Old Trafford Cricket Ground

Old Trafford is a cricket ground in Old Trafford, Greater Manchester, England. It opened in 1857 as the home of Manchester Cricket Club and has been the home of Lancashire County Cricket Club since 1864. From 2013 onwards it has been known as Emirates Old Trafford due to a sponsorship deal with the Emirates airline.[4]

Old Trafford
Enlarged pavilion at Old Trafford geograph-3720447-by-Anthony-ONeil.jpg
Old Trafford Pavilion– August 2015
Ground information
LocationOld Trafford, Greater Manchester
Establishment1857; 164 years ago (1857)
CapacityDomestic: 19,000
International: 26,000[1]
Concerts: 50,000[2]
TenantsLancashire County Cricket Club
England cricket team
End names
James Anderson End[3] OldTraffordCricketGroundPitchDimensions.svg
Brian Statham End
International information
First Test10–12 July 1884:
 England v  Australia
Last Test5–9 August 2020:
 England v  Pakistan
First ODI24 August 1972:
 England v  Australia
Last ODI16 September 2020:
 England v  Australia
First T20I13 June 2008:
 England v  New Zealand
Last T20I20 July 2021:
 England v  Pakistan
Only women's Test19–23 June 1976:
 England v  Australia
First WODI6 July :
 England v  India
Last WODI17 August 2004:
 England v  New Zealand
Only WT20I10 September 2012:
 England v  West Indies
Team information
Manchester Cricket Club (1857 – 1865)
Lancashire (1865 – present)
As of 20 July 2021
Source: ESPNcricinfo

Old Trafford is England's second oldest Test venue after The Oval and hosted the first Ashes Test in England in July 1884. The venue has hosted the Cricket World Cup five times (1975, 1979, 1983, 1999 and 2019). Old Trafford holds the record for both most World Cup matches hosted (17) and most semi-finals hosted (5).[5][6] In 1956, the first 10-wicket haul in a single innings was achieved by England bowler Jim Laker who achieved bowling figures of 19 wickets for 90 runs—a bowling record which is unmatched in Test and first-class cricket. In 1990, a 17 year old Sachin Tendulkar scored 119 not out against England, which was the first of his 100 international centuries. In the 1993 Ashes Test at Old Trafford, leg-spinner Shane Warne bowled Mike Gatting with the "Ball of the Century". In 2019, New Zealand defeated India in the World Cup semi-final after infamously running out MS Dhoni, in what turned out to be his last international match. In 2020 the ground was used as one of two biosecure venues, alongside the Ageas Bowl, for the tours involving West Indies and Pakistan which were regulated due to the COVID-19 pandemic.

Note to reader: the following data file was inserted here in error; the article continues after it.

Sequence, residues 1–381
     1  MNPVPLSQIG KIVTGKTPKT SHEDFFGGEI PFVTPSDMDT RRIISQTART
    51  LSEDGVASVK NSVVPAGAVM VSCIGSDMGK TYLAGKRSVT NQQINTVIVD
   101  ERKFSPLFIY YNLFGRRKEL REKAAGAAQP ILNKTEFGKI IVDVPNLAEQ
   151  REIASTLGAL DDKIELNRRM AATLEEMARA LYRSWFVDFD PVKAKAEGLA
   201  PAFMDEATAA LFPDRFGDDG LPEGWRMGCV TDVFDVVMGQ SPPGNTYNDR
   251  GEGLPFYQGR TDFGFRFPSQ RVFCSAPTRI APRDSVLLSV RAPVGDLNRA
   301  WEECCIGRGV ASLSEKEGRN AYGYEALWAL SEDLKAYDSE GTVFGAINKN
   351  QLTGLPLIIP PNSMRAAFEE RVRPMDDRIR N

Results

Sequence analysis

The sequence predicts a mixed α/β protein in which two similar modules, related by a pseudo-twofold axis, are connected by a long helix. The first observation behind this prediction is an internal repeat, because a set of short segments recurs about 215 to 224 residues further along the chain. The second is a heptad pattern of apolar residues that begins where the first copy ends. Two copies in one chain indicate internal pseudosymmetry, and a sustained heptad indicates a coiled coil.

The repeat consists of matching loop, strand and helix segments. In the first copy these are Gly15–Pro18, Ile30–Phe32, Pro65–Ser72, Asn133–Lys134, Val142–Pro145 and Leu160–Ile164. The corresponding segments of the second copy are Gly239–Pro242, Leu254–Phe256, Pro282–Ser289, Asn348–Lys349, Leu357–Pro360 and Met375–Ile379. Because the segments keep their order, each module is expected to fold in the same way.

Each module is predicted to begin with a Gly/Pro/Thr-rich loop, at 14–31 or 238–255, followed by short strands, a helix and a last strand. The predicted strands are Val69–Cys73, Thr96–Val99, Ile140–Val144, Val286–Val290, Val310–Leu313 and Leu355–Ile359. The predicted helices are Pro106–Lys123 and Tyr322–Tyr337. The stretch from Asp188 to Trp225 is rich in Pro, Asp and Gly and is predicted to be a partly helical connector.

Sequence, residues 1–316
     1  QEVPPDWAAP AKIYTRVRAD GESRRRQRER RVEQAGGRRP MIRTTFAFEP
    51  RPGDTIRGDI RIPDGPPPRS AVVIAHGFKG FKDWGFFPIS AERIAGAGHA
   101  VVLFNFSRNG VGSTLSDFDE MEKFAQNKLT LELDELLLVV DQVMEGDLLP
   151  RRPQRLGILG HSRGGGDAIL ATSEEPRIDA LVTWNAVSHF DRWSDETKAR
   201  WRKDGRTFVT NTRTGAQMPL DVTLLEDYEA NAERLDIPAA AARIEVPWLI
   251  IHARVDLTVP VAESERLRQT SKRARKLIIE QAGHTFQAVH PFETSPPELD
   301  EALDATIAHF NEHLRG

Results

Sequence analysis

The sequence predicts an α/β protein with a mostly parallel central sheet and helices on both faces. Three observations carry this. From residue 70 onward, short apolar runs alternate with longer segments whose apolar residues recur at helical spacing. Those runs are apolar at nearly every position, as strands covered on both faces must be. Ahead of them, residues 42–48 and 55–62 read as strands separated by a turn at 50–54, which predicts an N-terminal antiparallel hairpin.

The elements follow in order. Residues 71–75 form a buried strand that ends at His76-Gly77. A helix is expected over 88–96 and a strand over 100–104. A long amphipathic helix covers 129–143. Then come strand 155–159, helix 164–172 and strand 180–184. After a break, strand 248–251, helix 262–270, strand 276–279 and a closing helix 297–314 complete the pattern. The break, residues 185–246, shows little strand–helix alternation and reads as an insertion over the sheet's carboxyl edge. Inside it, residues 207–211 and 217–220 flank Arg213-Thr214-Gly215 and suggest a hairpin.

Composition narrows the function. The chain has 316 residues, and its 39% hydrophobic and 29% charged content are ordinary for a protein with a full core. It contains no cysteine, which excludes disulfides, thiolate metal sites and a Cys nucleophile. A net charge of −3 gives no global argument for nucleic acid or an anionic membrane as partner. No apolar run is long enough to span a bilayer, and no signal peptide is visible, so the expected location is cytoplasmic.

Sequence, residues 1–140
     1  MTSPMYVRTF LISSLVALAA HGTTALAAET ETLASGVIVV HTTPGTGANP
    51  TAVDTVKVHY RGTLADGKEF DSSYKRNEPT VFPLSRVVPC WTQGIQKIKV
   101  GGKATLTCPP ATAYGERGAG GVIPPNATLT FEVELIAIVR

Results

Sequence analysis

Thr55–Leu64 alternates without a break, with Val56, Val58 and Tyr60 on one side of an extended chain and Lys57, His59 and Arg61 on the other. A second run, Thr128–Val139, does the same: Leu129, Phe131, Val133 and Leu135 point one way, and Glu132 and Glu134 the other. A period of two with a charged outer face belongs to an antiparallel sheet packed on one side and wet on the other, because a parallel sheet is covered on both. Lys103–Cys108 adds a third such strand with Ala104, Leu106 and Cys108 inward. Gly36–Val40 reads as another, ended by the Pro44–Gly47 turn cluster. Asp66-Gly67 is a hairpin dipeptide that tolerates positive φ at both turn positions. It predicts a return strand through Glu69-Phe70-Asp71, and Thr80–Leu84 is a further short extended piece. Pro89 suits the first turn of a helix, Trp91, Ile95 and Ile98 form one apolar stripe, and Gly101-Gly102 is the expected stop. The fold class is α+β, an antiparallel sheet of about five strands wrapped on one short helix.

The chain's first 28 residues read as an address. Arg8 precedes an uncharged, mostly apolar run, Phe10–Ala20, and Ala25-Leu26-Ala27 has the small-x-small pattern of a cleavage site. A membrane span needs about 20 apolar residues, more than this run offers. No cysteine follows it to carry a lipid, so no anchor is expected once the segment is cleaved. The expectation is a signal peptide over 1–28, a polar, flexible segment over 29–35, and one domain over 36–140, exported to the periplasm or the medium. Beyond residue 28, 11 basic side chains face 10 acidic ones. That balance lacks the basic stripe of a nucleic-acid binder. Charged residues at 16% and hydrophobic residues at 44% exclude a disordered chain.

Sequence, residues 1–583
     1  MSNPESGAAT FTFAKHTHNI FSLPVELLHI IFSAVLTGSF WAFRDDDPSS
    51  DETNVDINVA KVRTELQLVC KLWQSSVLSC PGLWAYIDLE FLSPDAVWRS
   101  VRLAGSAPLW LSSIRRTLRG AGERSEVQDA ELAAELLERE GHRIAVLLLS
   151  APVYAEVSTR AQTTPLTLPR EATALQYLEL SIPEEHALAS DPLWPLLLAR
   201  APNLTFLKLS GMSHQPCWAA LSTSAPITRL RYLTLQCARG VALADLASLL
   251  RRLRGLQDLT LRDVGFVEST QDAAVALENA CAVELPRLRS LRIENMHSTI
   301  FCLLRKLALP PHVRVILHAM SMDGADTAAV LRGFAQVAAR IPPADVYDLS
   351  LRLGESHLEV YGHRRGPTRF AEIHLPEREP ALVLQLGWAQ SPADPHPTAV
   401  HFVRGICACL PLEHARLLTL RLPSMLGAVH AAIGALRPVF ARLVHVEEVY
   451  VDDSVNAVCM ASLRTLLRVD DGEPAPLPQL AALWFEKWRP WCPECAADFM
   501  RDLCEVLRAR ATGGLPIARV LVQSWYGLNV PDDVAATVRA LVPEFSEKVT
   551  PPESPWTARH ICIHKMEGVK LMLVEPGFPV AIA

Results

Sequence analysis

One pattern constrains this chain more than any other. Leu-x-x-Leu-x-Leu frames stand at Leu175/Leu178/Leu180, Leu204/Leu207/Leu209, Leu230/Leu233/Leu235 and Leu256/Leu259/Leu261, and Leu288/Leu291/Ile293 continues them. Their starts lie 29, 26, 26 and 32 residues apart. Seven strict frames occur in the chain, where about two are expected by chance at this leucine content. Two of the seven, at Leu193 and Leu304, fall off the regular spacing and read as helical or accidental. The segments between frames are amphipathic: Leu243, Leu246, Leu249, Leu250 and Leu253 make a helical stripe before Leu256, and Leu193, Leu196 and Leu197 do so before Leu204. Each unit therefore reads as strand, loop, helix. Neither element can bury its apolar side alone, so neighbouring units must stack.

Despite its rich cricket history,[7][8][9] the venue was perceived as dilapidated and lost test status in 2009. Extensive redevelopment of the ground to increase capacity and modernise facilities commenced soon after in an effort to safeguard international cricket at the venue. The development entailed the restoration of the pavilion and creation of The Point, a £12 million stand overlooking the pitch.[10] The pitch at Old Trafford has historically been the quickest in England, but will take spin later in the game.[11]


Early historyEdit

The site was first used as a cricket ground in 1857, when the Manchester Cricket Club moved onto the meadows of the de Trafford estate.[12] Despite the construction of a large pavilion (for the amateurs—the professionals used a shed at the opposite end of the ground), Old Trafford's first years were rocky: accessible only along a footpath from the railway station, the ground was situated out in the country, and games only attracted small crowds. It was not until the Roses match of 1875 that significant numbers attended a game. When W. G. Grace brought Gloucestershire in 1878, Old Trafford saw 28,000 spectators over three days, and this provoked improvements to access and facilities.[13]